It’s a more than 10-page document that can look intimidating. But the underlying goal is to improve assistance to Native Americans farmers and advance conservation efforts across Indian Country.
A memorandum of understanding (MOU) was signed by leaders of several agencies under the U.S. Department of Agriculture and the Bureau of Indian Affairs (BIA) who are tasked with carrying out the objectives.
The agreement took place Nov. 6, 2019, during the National Tribal Conservation Districts Conference at the Hard Rock Hotel & Casino Tulsa in Catoosa, Oklahoma.
The Seminole Tribune asked Barry A. Hamilton of the USDA’s Natural Resources Conservation Service (NRCS) to break it down.
He is the national tribal relations liaison officer and national tribal environmental adaptation coordinator at the agency.
How would you explain the basics of the MOU?
The MOU is in place to ensure that each of our signatory federal agencies are working collaboratively to address the needs of Indian Country.
By being aware of each of our agencies requirements and agency’s trust responsibilities to our tribes, we can streamline information and communicate more clearly on the needs and concerns of our tribes and Native Americans producers to ensure better participation in our federal programs.
What would be of interest to the Seminole Tribe, knowing it’s involved in agriculture and cattle producing?
It establishes a foundation for improved coordination, planning and implementation of USDA programs on Indian lands.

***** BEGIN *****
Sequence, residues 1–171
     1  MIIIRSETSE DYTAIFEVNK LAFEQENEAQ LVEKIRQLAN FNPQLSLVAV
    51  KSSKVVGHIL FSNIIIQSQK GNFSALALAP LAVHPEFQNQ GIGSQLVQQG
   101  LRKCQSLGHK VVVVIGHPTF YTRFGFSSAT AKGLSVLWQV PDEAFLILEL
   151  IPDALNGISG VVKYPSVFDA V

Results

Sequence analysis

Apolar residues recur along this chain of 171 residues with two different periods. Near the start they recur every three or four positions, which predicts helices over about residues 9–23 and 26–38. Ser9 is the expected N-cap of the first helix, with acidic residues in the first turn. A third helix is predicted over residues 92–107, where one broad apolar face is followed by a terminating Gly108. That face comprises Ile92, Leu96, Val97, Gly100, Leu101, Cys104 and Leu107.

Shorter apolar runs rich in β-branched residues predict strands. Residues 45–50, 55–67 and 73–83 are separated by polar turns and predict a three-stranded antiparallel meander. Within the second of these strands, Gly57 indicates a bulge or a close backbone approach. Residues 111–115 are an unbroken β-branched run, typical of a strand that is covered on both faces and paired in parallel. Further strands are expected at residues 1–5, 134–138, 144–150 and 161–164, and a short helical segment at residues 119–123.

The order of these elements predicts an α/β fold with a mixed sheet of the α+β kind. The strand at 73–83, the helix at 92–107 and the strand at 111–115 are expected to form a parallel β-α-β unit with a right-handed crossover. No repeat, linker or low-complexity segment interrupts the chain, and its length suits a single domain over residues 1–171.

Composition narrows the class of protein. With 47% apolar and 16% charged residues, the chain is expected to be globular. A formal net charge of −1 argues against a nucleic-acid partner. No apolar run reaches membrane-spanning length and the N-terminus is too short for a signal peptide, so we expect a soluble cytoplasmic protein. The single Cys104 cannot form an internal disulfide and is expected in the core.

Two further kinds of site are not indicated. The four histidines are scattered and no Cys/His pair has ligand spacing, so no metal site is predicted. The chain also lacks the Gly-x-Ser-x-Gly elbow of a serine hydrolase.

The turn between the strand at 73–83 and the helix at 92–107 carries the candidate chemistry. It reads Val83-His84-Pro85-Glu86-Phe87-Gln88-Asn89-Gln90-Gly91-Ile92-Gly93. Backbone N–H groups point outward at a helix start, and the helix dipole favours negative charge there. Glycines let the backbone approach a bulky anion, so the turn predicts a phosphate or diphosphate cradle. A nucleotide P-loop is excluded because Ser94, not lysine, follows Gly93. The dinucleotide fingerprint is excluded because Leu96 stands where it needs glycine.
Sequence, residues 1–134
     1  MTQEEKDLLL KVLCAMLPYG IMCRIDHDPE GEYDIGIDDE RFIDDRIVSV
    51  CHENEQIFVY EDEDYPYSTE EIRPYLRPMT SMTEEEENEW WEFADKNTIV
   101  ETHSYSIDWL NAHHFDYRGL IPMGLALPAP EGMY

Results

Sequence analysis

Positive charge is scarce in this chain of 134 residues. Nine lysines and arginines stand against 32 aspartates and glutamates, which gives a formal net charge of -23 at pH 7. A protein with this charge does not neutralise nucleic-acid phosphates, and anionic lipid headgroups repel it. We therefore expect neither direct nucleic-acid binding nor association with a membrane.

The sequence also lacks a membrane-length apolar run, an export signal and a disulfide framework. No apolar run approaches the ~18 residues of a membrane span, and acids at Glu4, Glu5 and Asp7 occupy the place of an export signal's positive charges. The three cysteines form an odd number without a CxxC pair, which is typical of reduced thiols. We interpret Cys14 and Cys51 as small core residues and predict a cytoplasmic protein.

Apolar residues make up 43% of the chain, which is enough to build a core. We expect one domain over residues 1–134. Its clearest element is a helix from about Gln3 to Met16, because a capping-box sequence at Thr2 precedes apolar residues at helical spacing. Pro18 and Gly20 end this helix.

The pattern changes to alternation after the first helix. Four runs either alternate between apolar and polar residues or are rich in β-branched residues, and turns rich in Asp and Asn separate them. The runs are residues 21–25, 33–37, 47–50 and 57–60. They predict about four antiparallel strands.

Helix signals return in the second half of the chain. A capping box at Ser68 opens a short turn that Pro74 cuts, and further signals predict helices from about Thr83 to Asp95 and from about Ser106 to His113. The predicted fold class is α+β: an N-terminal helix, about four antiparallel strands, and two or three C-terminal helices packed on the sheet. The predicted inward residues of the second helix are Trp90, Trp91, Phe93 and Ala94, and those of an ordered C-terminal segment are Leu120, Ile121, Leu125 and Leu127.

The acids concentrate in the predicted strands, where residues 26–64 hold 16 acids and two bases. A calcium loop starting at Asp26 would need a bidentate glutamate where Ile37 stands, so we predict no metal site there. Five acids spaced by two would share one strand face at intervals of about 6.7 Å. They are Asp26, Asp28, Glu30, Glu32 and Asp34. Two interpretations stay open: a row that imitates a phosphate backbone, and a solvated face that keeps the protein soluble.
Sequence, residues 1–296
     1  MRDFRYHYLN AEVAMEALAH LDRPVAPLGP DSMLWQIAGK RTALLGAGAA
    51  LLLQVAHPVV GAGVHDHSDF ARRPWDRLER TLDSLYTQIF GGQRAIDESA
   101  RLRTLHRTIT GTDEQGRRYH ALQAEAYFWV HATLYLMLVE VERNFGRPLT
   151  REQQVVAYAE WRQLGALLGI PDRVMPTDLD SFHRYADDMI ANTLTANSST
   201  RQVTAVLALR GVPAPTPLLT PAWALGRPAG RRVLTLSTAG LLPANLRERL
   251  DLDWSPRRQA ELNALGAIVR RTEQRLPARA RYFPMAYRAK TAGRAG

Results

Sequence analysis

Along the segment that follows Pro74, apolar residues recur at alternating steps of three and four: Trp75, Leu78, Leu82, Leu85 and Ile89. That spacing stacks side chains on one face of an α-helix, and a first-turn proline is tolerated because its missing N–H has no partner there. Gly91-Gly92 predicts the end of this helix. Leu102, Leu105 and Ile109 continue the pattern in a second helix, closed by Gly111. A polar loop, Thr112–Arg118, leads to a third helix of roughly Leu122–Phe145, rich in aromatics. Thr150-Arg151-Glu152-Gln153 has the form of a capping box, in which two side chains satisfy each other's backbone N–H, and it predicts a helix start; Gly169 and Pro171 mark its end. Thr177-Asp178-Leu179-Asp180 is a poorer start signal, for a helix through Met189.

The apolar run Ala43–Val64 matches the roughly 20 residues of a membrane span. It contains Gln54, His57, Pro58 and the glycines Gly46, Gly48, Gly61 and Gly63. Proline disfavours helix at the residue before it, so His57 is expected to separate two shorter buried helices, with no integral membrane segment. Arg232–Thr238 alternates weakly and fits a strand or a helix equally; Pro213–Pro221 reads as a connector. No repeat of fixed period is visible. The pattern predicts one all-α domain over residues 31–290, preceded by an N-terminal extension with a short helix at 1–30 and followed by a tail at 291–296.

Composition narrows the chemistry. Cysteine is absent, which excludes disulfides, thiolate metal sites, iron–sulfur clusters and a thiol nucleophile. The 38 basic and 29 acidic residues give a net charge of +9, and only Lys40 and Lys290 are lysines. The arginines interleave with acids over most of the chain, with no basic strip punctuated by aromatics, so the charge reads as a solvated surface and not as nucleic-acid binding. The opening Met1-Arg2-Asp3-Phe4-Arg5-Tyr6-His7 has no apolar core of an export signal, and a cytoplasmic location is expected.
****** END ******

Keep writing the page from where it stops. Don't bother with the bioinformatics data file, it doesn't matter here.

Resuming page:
In addition, the signatories seek to improve assistance to American Indians in addressing the comprehensive agricultural, conservation and economic needs of communities on Indian lands.[It] provides outreach to Indian tribes, Indian landowners and Indian land users, including non-Indian producers that are leasing Indian lands, in order to inform the respective tribe or person of NRCS program opportunities.
Anything else you’d like to mention?
This MOU supports collaboration, coordination and cross training between the three agencies (BIA, NCRS, and Farm Service Agency) to become better knowledgeable of each agency’s function and programs to better serve the tribes and tribal producers.
It also allows BIA and NRCS to leverage technical and financial services to support the tribe’s efforts to improve their natural resources on agriculture and range lands.
The MOU also states that [the] Farm Service Agency will work to inform others of county committee elections.
County committee members are elected by the local community and can impact producers through their decision making and help shape the culture of a local FSA office.
They also ensure the fair and equitable administration of FSA farm programs in their counties and are accountable to the secretary of agriculture.
All members of Indian tribes holding agricultural land are eligible to vote in county committee elections if they meet the age requirement.
More information is at nrcs.usda.gov. Hamilton can be reached by phone at (202) 260-8540 or via email at email@example.com.